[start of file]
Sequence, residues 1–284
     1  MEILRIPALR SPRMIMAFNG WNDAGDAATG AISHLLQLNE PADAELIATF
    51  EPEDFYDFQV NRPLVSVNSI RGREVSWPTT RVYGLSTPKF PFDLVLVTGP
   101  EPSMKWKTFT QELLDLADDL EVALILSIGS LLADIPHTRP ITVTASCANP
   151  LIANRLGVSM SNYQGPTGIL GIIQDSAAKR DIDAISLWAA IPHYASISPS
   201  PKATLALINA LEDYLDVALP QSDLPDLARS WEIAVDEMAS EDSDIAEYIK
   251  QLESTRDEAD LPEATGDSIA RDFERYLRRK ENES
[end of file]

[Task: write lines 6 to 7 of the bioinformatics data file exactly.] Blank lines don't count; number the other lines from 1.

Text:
   201  PKATLALINA LEDYLDVALP QSDLPDLARS WEIAVDEMAS EDSDIAEYIK
   251  QLESTRDEAD LPEATGDSIA RDFERYLRRK ENES